TV Review: The X-Files - Season 10 Episode 5 "Babylon"
Episode 5: "Babylon"
Synopsis: When an art gallery that’s showing potentially offensive artwork is bombed, Mulder and Scully seek some way to communicate with the comatose bomber in order to prevent a future attack. Meanwhile, a pair of younger FBI agents on the case (guest stars Robbie Amell and Lauren Ambrose) push Mulder and Scully to examine their own beliefs as Scully seeks answers from neuroscience and Mulder from mysticism.
REVIEW: One of the big questions buzzing around before this event series came to fruition was the potential for The X-Files to be rebooted with two new agents assigned to The X-Files. I was all for the idea of bringing in fresh young actors while hoping the revival would still bring back David Duchovny and Gillian Anderson in more of a mentorship capacity. While this tactic didn't work out so well when Robert Patrick and Annabeth Gish were brought in during the original series' final seasons, there is still a way to do it right. Tonight's episode gives us a sneak peak at what that spin-off could look like if FOX decided to bring back more seasons of the show. Robbie Amell (The Flash, THE DUFF) and Lauren Ambrose (Six Feet Under) join the series as agents Miller and Einstein in what feels more like a backdoor pilot for a reboot rather than a proper episode.
In the timeliest storyline this season, Mulder and Scully are pulled into an investigation of an Islamic suicide bombing. The accused bomber is in critical condition at a hospital where he is unable to communicate and try to help the FBI locate the leader of the splinter cell before they can cause any further death and destruction. While Mulder and Scully helped investigate a bombing similar to the Oklahoma City terrorist attacks in the 1998 feature film, this would be their first true post-9/11 crime. The X-Files has not had a great track record dealing with multi-culturalism (see episodes like "Hell Money" or "Kaddish") but this episode doesn't really deal with the religion or political nature of the criminals at the case's core. This is more about linking the two senior agents to two younger ones.
Agents Miller and Einstein are very much clones of Mulder and Scully, down to their hairstyles and mannerisms. Miller is a believer or, more accurately, he wants to believe while Einstein is a skeptic and trained doctor who doesn't lend any creedence to hocus pocus or other weird things that cannot be explained via observation and reason. Sound familiar? This is in no way a knock on either Amell or Ambrose, who do a solid job in their roles, but the refresh of the characters seems a bit too on the nose. This could be a different attempt at recasting the stars because of how tonally different Robert Patrick and Annabeth Gish were in the final seasons of the original run, but it just comes across as a bit forced. Even the structure of the episode tries to drive home who these new agents are by pairing them off: Miller with Scully as they head to meet the hospitalized bomber while Einstein and Mulder follow less scientific methods of investigation.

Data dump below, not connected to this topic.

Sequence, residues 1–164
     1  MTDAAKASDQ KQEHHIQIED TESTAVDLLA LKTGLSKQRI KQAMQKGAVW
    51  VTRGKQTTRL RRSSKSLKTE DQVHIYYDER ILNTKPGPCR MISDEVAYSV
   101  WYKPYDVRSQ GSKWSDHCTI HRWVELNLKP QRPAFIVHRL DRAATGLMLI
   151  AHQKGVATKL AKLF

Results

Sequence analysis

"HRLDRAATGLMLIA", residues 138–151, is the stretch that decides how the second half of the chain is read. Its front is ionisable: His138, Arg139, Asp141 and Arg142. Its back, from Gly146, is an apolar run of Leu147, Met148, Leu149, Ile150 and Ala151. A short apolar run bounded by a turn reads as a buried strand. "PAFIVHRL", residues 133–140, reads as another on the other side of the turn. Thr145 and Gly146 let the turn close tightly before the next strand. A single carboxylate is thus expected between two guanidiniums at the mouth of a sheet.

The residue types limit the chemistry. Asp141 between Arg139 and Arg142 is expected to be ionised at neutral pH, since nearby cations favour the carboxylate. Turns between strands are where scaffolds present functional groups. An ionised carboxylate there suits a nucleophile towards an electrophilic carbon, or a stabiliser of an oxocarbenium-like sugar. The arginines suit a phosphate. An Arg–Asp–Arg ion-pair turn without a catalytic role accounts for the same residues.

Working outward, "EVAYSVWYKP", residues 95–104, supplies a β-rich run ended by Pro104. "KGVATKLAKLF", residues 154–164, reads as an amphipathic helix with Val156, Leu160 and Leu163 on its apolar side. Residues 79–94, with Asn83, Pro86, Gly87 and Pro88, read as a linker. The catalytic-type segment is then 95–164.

While Miller tries to mildly persuade Scully into believing there could be more than meets the eye, the real centerpiece of this episode involves Mulder convincing Einstein to observe him as a medical professional while he goes under the influence of psychotropic mushrooms in an effort to try and unlock some mysteries of the unconscious within the mind of the supposed terrorist. The hallucinations that Mulder experiences are some of the trippiest visuals we have ever seen on the show and afford a chance for Chris Carter to bring back fan favorites The Lone Gunmen. It always bothered me that Byers, Langley, and Frohike were killed off and when I heard they would be back for the revival, I was crossing my fingers that it would follow the official Season 10 comic series. But, alas, they are just part of Mulder's vision quest, as is the Cigarette Smoking Man.
Ultimately, Mulder hears the words of the vegetative terrorist which, coupled with Miller's bilingual skills, leads the FBI to the terror cell before another bombing can be taken. Saving everyone in the knick of time comes with the unexplained phenomena in that Einstein claims Mulder was only given a placebo and never had any drugs in his system. How could the agent have seen what he did if drugs were not actually ingested? Unfortunately, this is never explained in any satisfactory way which seems to be par for the course this season. Instead, we get two coda sequences involving the pairs of agents. Einstein and Miller wait in an airport and discuss what they experienced in this episode while Mulder and Scully contemplate their lives and legacy. Both scenes are solidily acted but the Miller/Einstein scene feels very much the way a pilot for The X-Files 2.0 would have ended.
Am I opposed to seeing these four headline future seasons of the show? Absolutely not. I did find Lauren Ambrose's portrayal of Einstein to be a bit rigid, but like Gillian Anderson's original seasons as Scully, that could easily develop into a much more layered character. My problem with this episode as a whole is that the main story about the terror cell feels underdeveloped and more of a conduit to introduce these characters to one another. The lack of a satisfactory conclusion to the story makes it feel like a tale half told. All four actors are given some solid work in this hour but the episode fails to drive home what could have otherwise been a great chapter. With only one episode left in the revival season, I am a bit concerned that only the premiere has dealt directly with the series mythology. Hopefully when we reflect on the season as a whole it will be fondly and not full of questions of what could have been.
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